Ever thought of running your own business? Does the thought of having no boss to answer to appeal to you? Well, before you decide to just start your own business, there are a few things you might want to think about first. We had a chat with Joe Leese, whose fitness app Runnit has benefitted from help and support at the Wayra Academy (O2′s start-up incubator), to find out more about what you need to consider before going into business.


Funnily enough, businesses cost money to run. So you’ll need to find out if people are actually interested enough in your product to pay you money for it. For example, with Runnit, Joe had to work out if brands would be willing to offer rewards through the app so he designed what the app would look like and had meetings with a number of companies to test it out. From those initial meetings he had about ten brands confirm that they’d be interested in offering deals and paying for that service. “As early as possible get out and start speaking to the people who you think you are going to be charging,” Joe advises. “See if it’s something they’d be willing to pay for and if they will pay you as much as you think.”


You’ll need to identify what skills you already have and what skills you might need to run your business successfully. You won’t be able to do everything yourself, you’ll need to find other people to do the things that you can’t do. “I knew that I could design the app and get it in front of brands who want to use it,” Joe says. “But I had no development experience whatsoever so I knew I had to find someone to build it. You have to work out how much you can pay someone to do it or how much of the business you’re going to give away to get someone with the skills that you need.”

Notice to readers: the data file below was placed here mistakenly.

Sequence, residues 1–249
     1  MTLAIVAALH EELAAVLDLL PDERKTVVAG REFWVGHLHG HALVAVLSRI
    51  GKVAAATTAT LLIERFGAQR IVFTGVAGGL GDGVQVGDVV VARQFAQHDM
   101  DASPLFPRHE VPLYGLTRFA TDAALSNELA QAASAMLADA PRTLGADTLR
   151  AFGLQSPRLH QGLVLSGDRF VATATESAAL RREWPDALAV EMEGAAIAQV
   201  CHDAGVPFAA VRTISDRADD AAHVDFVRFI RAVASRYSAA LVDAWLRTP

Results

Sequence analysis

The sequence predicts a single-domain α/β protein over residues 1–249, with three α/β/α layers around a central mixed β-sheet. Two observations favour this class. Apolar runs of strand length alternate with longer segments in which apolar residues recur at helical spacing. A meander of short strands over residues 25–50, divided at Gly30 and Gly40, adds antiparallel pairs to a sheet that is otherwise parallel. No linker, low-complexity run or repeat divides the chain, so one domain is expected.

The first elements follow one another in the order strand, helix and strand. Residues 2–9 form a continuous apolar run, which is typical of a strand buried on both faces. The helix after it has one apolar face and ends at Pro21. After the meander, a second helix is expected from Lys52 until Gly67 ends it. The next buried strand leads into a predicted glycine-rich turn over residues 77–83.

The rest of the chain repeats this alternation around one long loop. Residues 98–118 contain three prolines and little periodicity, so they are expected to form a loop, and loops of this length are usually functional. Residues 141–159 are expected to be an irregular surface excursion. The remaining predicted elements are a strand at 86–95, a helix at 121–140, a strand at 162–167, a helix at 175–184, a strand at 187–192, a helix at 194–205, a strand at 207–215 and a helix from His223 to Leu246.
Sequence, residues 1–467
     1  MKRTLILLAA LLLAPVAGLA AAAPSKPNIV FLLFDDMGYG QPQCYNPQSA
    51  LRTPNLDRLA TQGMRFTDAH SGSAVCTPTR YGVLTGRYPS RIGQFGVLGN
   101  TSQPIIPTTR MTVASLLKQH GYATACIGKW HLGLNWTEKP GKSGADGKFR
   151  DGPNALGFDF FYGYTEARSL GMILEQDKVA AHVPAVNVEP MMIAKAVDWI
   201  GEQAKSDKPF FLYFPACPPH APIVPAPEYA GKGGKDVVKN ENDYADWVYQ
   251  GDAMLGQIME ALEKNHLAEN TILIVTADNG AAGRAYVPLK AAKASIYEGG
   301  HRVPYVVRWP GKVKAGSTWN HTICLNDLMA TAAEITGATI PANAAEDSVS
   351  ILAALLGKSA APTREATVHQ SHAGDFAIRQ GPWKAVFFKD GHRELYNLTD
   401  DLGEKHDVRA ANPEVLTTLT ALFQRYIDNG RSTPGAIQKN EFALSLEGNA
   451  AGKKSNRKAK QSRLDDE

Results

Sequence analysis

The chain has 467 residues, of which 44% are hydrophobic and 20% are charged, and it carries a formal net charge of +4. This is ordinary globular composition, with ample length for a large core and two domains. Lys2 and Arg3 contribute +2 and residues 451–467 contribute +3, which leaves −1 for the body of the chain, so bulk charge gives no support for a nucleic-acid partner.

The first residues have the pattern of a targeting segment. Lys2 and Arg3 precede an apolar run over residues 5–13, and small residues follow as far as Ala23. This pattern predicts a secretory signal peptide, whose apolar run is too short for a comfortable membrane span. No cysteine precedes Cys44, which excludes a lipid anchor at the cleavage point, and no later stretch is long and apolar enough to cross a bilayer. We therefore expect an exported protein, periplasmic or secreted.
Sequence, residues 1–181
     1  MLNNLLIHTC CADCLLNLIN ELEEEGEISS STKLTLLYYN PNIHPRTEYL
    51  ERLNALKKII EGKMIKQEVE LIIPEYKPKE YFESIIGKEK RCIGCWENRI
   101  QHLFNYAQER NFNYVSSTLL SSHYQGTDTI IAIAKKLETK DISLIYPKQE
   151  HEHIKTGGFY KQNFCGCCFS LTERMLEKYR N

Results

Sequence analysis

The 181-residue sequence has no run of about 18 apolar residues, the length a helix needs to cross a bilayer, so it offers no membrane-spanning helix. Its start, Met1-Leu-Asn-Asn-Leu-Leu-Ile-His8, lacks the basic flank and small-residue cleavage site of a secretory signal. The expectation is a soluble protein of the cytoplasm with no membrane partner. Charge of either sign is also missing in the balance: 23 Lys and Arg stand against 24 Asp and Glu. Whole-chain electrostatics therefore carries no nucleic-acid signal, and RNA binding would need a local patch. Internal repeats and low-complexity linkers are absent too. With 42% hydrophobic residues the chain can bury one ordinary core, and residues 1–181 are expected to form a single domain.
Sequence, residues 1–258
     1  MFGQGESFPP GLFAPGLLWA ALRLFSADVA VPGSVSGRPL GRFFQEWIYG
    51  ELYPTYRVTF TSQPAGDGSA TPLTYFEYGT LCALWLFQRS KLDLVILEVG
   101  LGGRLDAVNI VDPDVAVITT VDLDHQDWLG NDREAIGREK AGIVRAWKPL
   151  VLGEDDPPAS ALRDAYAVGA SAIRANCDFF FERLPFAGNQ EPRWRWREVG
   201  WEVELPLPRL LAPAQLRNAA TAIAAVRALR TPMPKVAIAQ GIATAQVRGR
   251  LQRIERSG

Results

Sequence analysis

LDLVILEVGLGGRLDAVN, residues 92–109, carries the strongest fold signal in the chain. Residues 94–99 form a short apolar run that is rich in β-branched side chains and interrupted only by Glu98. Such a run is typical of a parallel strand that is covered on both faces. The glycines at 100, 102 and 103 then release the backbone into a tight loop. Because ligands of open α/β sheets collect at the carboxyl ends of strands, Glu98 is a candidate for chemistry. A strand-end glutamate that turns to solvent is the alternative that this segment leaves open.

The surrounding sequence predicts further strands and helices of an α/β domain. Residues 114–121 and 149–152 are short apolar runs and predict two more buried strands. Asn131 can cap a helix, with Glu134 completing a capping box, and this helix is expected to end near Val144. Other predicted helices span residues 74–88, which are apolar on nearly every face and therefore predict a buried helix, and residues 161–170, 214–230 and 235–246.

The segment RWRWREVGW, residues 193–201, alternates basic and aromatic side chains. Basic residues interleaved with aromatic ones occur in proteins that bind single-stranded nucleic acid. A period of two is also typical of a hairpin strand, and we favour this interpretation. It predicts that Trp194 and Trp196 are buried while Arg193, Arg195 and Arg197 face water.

Sometimes you’ll need to learn some of the skills yourself – not necessarily to be able to do the jobs yourself but to have a better understanding of what the people you’re working with have to do to complete the task at hand. “I’ve found that at least knowing the basics of code, how it all works and understand a little about what is involved is quite important,” Joe says. “It can save you a lot of time, a lot of money and a lot of hassle in communicating with people if you know what it is you want them to do and roughly what they’re going to have to do to build it.”

“Having at least a basic understanding – not necessarily in depth – of what needs to be done can help you be a bit more prepared if someone’s trying to rip you off as well,” Joe adds.


This is one of the most important questions that you can ask yourself as an entrepreneur. Joe says that it’s important to know where you want to end up but to break that down into small achievable tasks – whether that’s running a pilot scheme or getting the designs for your product sorted. “Test things in small segments as much as possible,” Joe recommends. “If you have an idea, try and prove that idea before you plough lots of time and effort and money into it. Test things and take small steps rather than try to get to the finished product straight away.”


Founding a business is easy, right? Well, maybe. But what do you know about equity and shares and investors? And how about profit margins and mission statements and term sheets? You’ll need to have at least a basic understanding of how business work before you get started or you’ll risk failure before you’ve ever got your business off the ground. “I knew very, very little about running a business when I got started,” Joe admits. “That’s why being at Wayra is so great. It’s really important to do a lot of research into business and how it works – things like investment and financing and equity and the legal side of things. You need an overview of what’s involved in setting up a business.”

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